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Trailers you can tow with passenger vehicles or SUVs. A great way to transform average cars into adventure cars.
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Living quarters in the front with dedicated space for hauling motorcycles or other “toys” in the back.
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Popular with small families and first-time RV drivers who want a little more room than a van. Comparable to driving a truck.
The smallest and nimblest of fully enclosed RVs. Drives like a van. Loves posing for Instagram.
A formal-sounding name for camper van, but just as photogenic.
Drivers should be comfortable driving bus-sized vehicles and dealing with parking limitations. Great for delivery.
If you can drive a truck, you can drive a truck camper. Makes roughing it significantly less rough.
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Spelunkers, history buffs, and outdoor enthusiasts of all types will find something fun to do at Spring Mill State Park. Located a few miles from Mitchell and just south of Bloomington, this 1,300-acre expanse balances outdoor recreation with historic significance. Whether you want to hike the trails, explore the park's caves, or learn about the pioneers who called this area home back in the 1800s, you'll find a little something for everyone here.
There's so much to do and see at Spring Mill that you'll want to park the rental RV and stay awhile to experience it all. Book an RV in Lawrence County and start planning the perfect motorhome camping trip.
Start your Spring Mill State Park camping experience at the nature center. This is the perfect place for the pint-sized campers in your crew to learn about the park's ecosystem and see live animal exhibits of snakes and turtles that live in the park.
Next up on your Spring Mill State Park itinerary should be the Pioneer Village. Highlights of this beautifully restored 19th-century village include a smithy, distillery, and working gristmill. These are just three of the 20 structures visitors can explore to learn more about the lives of area pioneers, including George Sheeks and Sally "Granny White" Cummins. Check the park's events schedule when planning your excursion to the Pioneer Village. You might just catch a Civil War reenactment or one of the village's annual holiday celebrations.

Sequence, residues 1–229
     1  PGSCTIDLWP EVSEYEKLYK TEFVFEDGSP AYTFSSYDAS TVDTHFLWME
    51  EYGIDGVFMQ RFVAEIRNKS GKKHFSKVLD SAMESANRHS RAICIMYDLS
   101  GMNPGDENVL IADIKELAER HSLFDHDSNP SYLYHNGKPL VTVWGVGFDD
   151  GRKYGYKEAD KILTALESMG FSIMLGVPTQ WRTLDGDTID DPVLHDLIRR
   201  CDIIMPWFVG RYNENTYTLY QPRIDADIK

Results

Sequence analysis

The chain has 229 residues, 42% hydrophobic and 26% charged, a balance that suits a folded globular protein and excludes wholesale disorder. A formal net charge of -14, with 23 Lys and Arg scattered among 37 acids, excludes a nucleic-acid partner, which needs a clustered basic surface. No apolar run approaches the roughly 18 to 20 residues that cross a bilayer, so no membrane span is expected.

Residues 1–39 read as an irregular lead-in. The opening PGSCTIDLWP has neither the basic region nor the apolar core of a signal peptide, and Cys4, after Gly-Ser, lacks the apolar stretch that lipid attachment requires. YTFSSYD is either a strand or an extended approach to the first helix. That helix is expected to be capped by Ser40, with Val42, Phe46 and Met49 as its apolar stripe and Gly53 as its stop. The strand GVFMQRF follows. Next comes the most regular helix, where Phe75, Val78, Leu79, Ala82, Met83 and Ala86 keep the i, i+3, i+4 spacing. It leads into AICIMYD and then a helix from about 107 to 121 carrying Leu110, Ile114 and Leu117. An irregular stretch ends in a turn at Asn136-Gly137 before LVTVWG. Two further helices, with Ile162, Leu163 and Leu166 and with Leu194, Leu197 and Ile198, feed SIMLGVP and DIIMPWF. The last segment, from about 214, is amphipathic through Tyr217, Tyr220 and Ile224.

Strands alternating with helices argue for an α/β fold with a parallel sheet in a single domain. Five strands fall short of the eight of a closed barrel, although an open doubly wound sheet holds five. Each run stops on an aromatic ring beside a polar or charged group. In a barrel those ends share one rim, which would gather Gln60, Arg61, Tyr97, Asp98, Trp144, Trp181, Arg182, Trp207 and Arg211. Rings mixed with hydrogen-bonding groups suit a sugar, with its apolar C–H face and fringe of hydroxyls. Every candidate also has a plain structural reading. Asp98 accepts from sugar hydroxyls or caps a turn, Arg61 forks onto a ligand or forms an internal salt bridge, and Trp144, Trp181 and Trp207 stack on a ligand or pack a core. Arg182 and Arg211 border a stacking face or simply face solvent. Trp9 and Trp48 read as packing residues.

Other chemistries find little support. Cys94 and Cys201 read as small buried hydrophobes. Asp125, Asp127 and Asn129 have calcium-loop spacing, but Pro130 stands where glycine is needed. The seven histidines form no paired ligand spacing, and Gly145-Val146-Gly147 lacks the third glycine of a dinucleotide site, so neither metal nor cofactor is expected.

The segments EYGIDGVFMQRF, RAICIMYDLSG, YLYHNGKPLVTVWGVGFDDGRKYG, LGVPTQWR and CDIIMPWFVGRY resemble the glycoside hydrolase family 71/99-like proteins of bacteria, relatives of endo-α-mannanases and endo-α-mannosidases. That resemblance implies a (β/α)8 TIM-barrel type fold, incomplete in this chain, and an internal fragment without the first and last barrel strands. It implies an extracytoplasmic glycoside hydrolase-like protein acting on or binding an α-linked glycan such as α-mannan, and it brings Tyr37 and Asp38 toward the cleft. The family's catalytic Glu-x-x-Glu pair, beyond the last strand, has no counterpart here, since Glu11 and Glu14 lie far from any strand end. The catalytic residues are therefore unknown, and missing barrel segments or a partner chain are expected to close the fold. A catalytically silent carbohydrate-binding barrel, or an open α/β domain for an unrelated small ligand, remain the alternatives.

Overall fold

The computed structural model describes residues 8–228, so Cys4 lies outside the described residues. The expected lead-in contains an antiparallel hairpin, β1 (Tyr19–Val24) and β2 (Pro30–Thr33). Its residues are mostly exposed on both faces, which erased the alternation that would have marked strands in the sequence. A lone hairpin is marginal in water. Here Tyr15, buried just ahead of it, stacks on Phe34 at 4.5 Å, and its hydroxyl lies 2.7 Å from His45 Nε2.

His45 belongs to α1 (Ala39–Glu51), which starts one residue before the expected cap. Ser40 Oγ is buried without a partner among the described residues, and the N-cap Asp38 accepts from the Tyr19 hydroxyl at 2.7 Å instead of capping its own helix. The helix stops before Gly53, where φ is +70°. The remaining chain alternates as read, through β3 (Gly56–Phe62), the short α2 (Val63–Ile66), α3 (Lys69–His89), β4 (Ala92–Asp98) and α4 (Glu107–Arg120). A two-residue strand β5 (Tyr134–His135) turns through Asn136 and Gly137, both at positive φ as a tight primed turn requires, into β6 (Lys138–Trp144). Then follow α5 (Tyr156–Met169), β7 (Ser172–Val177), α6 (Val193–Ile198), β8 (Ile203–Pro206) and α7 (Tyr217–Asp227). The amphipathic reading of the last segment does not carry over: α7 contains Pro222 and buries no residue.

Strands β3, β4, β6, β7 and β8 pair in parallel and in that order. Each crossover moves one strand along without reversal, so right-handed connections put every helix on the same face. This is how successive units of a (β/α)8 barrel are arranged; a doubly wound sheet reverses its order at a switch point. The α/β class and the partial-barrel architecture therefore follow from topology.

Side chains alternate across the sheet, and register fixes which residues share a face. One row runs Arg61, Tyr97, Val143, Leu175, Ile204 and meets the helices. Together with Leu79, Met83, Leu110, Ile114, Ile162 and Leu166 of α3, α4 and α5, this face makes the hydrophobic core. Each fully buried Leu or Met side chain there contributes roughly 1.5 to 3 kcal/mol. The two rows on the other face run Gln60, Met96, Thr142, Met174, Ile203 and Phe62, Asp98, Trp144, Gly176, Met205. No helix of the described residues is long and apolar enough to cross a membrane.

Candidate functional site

One of the main draws to the park is the Twin Caves. Unfortunately, cave tours are only available for groups, but visitors can still see the caves from a unique perspective on a boat tour. Along the way, you'll see some of the park's most precious wildlife, from the humble cave bat to the endangered Northern blind cave fish.
If you'd rather explore on foot, just under nine miles of hiking paths wind their way throughout the park. Both novice and seasoned hikers will find a path to suit their abilities here. Trails 3 and 4 are rated strenuous, leading past the park's caves, Spring Mill Lake, and the Hamer Cemetery. A quarter-mile accessible path leads to the park's memorial to famous astronaut Gus Grissom. Two miles of mountain bike trails are also open to those who prefer a faster pace.
Last but not least, visitors camping at Spring Mill State Park in the summer can take a dip in the park's swimming pool. The fun doesn't stop in winter, when the park's games room becomes the Nature Nook, complete with arts and crafts and a schedule full of fun events.
Visitors planning to camp in an RV at Spring Mill State Park are spoiled for choice. The park's campground features 187 sites with electric hookups and 36 primitive sites. The largest site at the park accommodates rigs up to 109 feet long, though most sites fit RVs between 35 and 50 feet. A handful of pull-through sites are accessible for guests with disabilities.
You'll enjoy all the standard amenities you'd expect from a state park RV campground, including restrooms, showers, and a dump station. Stock up on camping supplies and goodies at the camp store and let the kids go wild at the playground. Spring Mill State Park campers can reserve an electric site as soon as two days before arrival or as far as six months in advance. Unreserved sites are allocated on a first-come, first-served basis.
If your road trip through the Hoosier State takes you to Bloomington, don't miss the Indiana University Arboretum. Stroll along the trails, admire the pond, and get a dose of natural beauty right in the heart of bustling Bloomington. Afterward, why not explore the exhibits at Mathers Museum of World Cultures? This museum is also part of the university and features rotating exhibits.
Hoosier National Forest is a short distance west of the park, offering more than 200,000 acres for avid adventurers to explore. You'll find many other state parks and recreation areas within an hour and a half of the park, including Brown County State Park, Yellowwood State Forest, and Morgan-Monroe State Forest.
When you need to top off the gas tank or grab some grub, take a short drive into Mitchell, just west of the park. You'll find several gas stations and fast food options here. For more choice, make the 45-minute trip north to Bloomington, where you can connect to I-69 and continue your road trip southwest toward Evansville or northeast into Indianapolis.